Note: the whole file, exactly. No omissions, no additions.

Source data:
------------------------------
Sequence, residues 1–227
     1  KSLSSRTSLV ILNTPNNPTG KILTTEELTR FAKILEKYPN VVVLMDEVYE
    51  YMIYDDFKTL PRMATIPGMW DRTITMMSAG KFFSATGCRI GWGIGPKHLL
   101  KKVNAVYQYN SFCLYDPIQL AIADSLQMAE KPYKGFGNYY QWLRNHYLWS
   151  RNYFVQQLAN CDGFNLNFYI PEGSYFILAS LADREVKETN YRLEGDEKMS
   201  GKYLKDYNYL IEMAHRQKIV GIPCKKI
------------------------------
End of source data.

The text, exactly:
Sequence, residues 1–227
     1  KSLSSRTSLV ILNTPNNPTG KILTTEELTR FAKILEKYPN VVVLMDEVYE
    51  YMIYDDFKTL PRMATIPGMW DRTITMMSAG KFFSATGCRI GWGIGPKHLL
   101  KKVNAVYQYN SFCLYDPIQL AIADSLQMAE KPYKGFGNYY QWLRNHYLWS
   151  RNYFVQQLAN CDGFNLNFYI PEGSYFILAS LADREVKETN YRLEGDEKMS
   201  GKYLKDYNYL IEMAHRQKIV GIPCKKI